Physical education teacher Chris Ledbetter and Oak Park and River Forest High School District 200 have apparently reached a settlement in an employment discrimination case lawsuit filed by Ledbetter in Cook County Circuit Court in December 2019 and removed to U.S. District Court in February.
Judge Joan A. Lefkow noted in the court record that the parties had agreed to a settlement at a June 10 hearing. Details of the settlement were not made available.
In addition to the high school, Athletic Director John Stelzer, and the school’s former principal, Nathan Rouse, were named as defendants in the lawsuit.
School board members were expected to approve the settlement agreement at their June 25 meeting, but the action item was moved to the next regular meeting.
Ledbetter’s attorney, Thomas C. Cronin, did not return Wednesday Journal’s inquiries on this matter. District 200 board President Sarah Dixon Spivey and Karin Sullivan, OPRF’s executive director of Communications and Community Relations, said the district can’t issue a comment until the board approves the settlement.
Ledbetter had been seeking in excess of $50,000 from the district after he claimed the school violated his rights under the Americans with Disabilities Act. Ledbetter is a recovering addict and, according to a March 11 court filing by the defendants answering Ledbetter’s complaint. According to the complaint, Ledbetter believed that was the reason he was removed as OPRF’s varsity baseball head coach after 17 years.
In the complaint, Ledbetter claimed he had been sober since 2017 after completing a treatment program to assist him with his dependency issues. During that time, OPRF appointed an interim baseball head coach while he took a leave of absence.
According to court documents, after a month back at the school and leading summer workouts, OPRF “prepared and offered a renewed contract for Ledbetter to serve as Head Varsity Boys Baseball Coach for the 2017-18 season” in late July of 2017.
The school denied in the complaint that a contract existed.
Ledbetter also alleged his rights were violated when Rouse and Stelzer “required” him to apologize to the athletic department, his colleagues, coaches and assistants.
As a result, he claimed to have “suffered substantial damages as the result of [Rouse and Stelzer’s] unlawful actions, including the loss of his job as Head Varsity [coach] and the loss of other ancillary jobs, damage to his reputation, substantial economic loss, severe emotional distress, and other physical and mental injuries.”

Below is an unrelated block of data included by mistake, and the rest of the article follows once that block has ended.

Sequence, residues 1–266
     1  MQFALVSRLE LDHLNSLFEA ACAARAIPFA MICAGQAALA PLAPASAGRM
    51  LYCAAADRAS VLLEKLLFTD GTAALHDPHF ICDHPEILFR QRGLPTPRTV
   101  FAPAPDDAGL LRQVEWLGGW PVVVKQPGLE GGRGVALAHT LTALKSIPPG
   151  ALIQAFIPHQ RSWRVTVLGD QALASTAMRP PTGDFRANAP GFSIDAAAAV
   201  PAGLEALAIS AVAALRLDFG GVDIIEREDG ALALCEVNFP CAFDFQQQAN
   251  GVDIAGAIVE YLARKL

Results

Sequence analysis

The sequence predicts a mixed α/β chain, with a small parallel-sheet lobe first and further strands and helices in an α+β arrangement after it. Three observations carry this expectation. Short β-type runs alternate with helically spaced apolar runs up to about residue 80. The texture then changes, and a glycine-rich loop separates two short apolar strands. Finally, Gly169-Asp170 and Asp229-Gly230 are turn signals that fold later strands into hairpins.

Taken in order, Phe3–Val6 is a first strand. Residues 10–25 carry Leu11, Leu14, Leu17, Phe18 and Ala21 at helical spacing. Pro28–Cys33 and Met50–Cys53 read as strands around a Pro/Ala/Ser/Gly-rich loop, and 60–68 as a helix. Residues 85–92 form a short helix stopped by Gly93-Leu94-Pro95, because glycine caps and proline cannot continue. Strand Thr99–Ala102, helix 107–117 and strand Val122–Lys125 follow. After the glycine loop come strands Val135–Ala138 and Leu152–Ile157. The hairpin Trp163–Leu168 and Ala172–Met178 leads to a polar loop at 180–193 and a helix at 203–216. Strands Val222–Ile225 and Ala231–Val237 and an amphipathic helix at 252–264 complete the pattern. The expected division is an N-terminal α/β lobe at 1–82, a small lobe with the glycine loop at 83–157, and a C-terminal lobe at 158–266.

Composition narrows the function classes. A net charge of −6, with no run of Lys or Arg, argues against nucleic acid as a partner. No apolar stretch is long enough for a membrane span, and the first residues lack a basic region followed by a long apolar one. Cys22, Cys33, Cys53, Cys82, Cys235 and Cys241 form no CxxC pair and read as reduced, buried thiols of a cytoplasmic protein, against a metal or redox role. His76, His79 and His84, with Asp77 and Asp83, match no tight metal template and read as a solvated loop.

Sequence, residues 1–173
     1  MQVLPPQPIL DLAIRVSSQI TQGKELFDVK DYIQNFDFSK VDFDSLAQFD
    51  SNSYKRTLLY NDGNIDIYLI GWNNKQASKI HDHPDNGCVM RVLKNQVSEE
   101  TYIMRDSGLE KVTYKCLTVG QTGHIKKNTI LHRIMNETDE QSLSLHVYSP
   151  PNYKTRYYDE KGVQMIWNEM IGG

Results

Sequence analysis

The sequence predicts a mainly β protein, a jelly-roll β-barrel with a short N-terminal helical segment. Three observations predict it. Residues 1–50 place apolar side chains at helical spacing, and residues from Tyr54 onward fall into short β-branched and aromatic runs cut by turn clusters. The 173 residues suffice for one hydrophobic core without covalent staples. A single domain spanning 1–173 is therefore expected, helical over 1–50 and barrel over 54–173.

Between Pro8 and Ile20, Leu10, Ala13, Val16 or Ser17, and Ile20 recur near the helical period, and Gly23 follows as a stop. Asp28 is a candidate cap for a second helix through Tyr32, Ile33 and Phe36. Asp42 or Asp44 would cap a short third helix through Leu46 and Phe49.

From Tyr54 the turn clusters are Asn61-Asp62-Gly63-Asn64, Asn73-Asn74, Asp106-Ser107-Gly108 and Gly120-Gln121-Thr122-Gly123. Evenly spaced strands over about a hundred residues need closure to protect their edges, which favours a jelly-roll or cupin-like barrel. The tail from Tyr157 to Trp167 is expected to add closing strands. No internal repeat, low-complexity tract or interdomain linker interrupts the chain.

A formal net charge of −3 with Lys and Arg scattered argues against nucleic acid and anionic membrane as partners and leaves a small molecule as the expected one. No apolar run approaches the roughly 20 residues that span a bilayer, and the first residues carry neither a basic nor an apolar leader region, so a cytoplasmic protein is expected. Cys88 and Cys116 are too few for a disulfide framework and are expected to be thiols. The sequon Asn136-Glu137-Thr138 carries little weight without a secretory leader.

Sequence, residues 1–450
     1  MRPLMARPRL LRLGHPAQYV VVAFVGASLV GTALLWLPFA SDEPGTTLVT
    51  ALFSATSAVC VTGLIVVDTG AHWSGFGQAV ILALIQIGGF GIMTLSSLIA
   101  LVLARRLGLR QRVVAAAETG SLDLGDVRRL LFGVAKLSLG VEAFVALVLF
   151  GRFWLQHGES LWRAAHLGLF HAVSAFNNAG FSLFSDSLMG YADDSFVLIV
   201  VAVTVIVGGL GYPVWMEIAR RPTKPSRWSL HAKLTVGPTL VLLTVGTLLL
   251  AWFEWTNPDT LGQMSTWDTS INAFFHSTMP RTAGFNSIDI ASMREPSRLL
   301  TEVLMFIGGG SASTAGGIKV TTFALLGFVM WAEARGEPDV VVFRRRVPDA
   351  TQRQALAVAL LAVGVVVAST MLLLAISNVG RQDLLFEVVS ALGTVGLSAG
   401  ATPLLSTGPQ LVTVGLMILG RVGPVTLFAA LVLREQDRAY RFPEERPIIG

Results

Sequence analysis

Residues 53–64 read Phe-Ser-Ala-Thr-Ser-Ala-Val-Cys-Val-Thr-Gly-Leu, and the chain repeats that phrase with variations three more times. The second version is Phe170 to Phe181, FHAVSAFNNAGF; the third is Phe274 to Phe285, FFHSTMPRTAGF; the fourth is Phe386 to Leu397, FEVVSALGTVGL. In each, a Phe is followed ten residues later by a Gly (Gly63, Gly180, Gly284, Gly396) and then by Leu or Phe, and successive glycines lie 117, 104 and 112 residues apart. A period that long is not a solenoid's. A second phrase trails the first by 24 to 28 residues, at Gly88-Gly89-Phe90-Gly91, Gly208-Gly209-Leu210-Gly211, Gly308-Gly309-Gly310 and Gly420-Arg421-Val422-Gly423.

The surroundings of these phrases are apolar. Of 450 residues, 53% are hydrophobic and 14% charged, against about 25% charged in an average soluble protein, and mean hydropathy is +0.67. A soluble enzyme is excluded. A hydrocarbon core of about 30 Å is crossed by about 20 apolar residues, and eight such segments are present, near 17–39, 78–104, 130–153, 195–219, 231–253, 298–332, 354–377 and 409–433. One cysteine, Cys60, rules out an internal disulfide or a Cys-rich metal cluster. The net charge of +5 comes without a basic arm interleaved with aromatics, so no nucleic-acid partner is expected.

In its answer to the complaint, the defendants also denied that this happened.
Ledbetter stated later in his complaint that, after he had taken three days off for the flu, OPRF started asking about his movements during the school day and that his colleagues were asked if he had engaged in illegal drug use.
When he returned to the school the following week, Ledbetter was put on administrative leave. He alleged that Rouse and Stelzer “required him to take an immediate drug test.” Ledbetter claimed to have passed the drug test he took the day after his three-day absence but was told to resign before the results were in.
OPRF denied all of these claims.
Ledbetter was brought back as a physical education teacher but was not reinstated as OPRF’s baseball head coach. Joseph Parenti’s interim tag was removed, and he has been the head coach of the program since Ledbetter was removed from the position.
On the same day, March 11, that the defendants filed their answer to Ledbetter’s complaint, Stelzer and Rouse also filed a motion to dismiss the case for failure to state a claim.
They argued, as individual defendants, that the ADA “does not allow for liability against individuals who are not ’employers’ as defined by the act.”
They go on to argue that “employers” are defined by the ADA as “a person engaged in an industry affecting commerce who has 15 or more employees … and any ‘agent’ of such person,” which, they argue, would clear them of Ledbetter’s claims that they violated the ADA.
Two days later, President Trump declared a national state of emergency due to the global outbreak of COVID-19 which put this matter on hold.
At the June 10 hearing, Lefkow apparently was slated to render a decision on the motion to dismiss. With news of the settlement, that issue became moot.
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